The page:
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Vernon Carbonell, a Toronto-based recruiter, has more than 160 job openings mostly across the Greater Toronto Area for bilingual applicants fluent in French and English, but he’s struggling to find suitable candidates because the existing talent pool is practically dry.

Some positions have been sitting empty for months because there’s a paucity of French-speaking candidates.

The jobs, predominantly in Canada’s service sector, are an array of customer service and call centre positions for fintech, financial, automotive and pharmaceutical companies, as well as entry and middle-management roles in marketing and sales, human resources, talent acquisition and information technology.

“The sheer volume of bilingual applicants that used to exist in the customer service industry and in general, has dwindled considerably,” said Mr. Carbonell, who is with Bilingual Source, a Toronto recruitment agency. “The catalyst has been the pandemic. It has changed the landscape and made jobs that were not attainable before, within reach.,” he said, adding that recruiters are also seeing people who want to work remotely quit when employers force them to come into the office.

There are several factors at play: many mid-level customer-service employees upgraded their skillset during the pandemic and have now transitioned into other career paths, leaving a void. And Anglophone children and teenagers, fluent in both English and French, tend to abandon French after high school and lose the skills needed for the job market, he said.

Language premiums

The number of job vacancies in Canada reached an all-time high of 912,600 in the third quarter of 2021, according to Statistics Canada.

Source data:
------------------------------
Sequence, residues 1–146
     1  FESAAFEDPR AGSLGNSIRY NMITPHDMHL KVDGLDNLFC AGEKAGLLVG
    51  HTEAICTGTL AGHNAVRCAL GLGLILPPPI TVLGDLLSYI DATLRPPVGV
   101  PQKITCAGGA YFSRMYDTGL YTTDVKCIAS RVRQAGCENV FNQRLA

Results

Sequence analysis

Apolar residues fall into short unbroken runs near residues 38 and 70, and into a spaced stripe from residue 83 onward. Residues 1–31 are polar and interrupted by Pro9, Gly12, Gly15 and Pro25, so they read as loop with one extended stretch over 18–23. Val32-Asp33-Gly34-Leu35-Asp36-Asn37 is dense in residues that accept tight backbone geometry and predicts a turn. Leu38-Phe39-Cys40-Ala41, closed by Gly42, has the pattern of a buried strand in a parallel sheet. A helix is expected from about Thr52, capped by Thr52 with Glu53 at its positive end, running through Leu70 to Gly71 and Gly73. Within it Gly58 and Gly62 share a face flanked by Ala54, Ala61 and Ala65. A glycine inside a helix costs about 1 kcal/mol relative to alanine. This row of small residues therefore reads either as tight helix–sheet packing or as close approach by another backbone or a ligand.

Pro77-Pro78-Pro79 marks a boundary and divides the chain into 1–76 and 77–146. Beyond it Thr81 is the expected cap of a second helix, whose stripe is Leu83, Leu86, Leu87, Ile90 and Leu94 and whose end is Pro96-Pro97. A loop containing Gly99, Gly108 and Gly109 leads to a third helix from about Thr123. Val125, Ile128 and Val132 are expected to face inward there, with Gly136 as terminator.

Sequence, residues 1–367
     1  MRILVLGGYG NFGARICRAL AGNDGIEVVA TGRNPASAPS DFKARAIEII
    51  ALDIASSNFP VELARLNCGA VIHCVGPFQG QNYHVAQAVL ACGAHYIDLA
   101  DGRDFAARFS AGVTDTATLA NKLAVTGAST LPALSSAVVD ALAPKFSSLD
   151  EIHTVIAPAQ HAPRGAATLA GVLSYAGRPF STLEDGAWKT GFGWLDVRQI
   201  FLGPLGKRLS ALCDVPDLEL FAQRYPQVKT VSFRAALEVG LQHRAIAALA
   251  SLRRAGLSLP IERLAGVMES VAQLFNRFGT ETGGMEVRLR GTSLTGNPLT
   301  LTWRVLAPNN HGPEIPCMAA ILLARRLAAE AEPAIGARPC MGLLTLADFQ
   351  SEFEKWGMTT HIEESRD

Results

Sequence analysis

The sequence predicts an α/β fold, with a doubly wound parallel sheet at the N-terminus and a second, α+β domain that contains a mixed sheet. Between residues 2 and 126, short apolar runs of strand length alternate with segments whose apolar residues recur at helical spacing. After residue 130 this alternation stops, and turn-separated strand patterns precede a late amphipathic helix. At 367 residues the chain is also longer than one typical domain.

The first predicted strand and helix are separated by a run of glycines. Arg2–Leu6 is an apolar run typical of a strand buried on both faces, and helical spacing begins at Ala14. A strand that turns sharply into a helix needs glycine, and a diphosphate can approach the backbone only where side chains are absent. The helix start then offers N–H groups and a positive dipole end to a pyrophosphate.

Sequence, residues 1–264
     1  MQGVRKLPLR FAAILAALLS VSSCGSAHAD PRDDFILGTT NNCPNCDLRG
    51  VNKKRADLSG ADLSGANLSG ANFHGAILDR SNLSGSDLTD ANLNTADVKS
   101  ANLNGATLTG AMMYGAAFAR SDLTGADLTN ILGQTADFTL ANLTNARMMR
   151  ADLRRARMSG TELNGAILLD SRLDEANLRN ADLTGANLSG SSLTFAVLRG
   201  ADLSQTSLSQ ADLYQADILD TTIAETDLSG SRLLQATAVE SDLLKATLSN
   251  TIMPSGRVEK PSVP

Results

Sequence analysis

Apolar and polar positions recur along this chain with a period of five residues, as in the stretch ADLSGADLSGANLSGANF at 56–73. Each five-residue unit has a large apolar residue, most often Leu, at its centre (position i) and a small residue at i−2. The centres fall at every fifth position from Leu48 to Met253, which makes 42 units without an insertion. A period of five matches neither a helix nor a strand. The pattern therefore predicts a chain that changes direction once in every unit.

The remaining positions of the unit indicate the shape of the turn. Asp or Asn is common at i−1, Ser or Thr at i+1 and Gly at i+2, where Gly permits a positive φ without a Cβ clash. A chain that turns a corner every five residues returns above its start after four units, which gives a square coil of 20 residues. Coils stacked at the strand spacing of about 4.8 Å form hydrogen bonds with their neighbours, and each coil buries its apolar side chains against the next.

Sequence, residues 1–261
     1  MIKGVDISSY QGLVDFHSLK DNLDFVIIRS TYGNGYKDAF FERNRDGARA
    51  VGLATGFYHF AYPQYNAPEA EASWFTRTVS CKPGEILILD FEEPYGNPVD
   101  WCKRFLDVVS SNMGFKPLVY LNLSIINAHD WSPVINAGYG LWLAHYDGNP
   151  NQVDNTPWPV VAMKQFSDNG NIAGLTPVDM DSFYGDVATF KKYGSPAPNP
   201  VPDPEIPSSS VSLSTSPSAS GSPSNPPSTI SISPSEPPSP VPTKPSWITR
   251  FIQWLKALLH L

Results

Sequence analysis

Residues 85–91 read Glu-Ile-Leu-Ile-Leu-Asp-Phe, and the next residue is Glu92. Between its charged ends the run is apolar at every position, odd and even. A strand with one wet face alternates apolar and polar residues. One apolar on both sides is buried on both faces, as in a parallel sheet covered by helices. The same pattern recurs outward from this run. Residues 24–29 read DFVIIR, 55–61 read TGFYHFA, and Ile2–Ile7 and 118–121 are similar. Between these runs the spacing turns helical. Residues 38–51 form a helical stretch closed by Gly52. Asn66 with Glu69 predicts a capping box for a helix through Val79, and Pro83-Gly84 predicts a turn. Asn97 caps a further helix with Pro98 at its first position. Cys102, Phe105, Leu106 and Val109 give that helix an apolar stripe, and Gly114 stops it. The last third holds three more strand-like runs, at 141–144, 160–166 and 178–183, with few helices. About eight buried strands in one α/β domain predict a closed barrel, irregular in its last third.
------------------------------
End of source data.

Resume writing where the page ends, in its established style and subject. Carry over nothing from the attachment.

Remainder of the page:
Francophone candidates are in the driver’s seat. They can demand – and receive – lucrative salaries and perks in the current market, he said. Bilingual candidates are generally worth anywhere from 10- to 30-per-cent more than English-only candidates in today’s job market.

Prepandemic days, many quit their jobs for a paltry $5,000-annual hike in wages. Today, desperate employers are willing to shell out $15,000 to $20,000 per year as French language premiums to woo candidates, Mr. Carbonell said.

The acute shortage of bilingual talent has forced many employers to raise salaries and drop mandatory pre-requisites, such as minimum years of experience and educational credentials.

“Candidates that wouldn’t even have gotten an interview three years ago are now getting job offers after a 30-minute phone interview,” Mr. Carbonell said. “There’s a war for talent. It’s a good time for people to learn French.”

Francophones in Canada

A 2016 Stats Canada study says, outside Quebec, the English-French bilingualism rate among youth between five and 17, was 15 per cent. Statistics Canada’s language projection models predict if all children and youth with English as a mother tongue – who also speak French – were to remain bilingual after the age of 17, then the rate for this demographic could almost double to 12 per cent from seven per cent by 2036.

There’s an expectation in Canada that chief executives, federal politicians and policymakers be fluent in both French and English. Case in point: the controversy surrounding Air Canada’s CEO Michael Rousseau, who was widely criticized for not knowing French.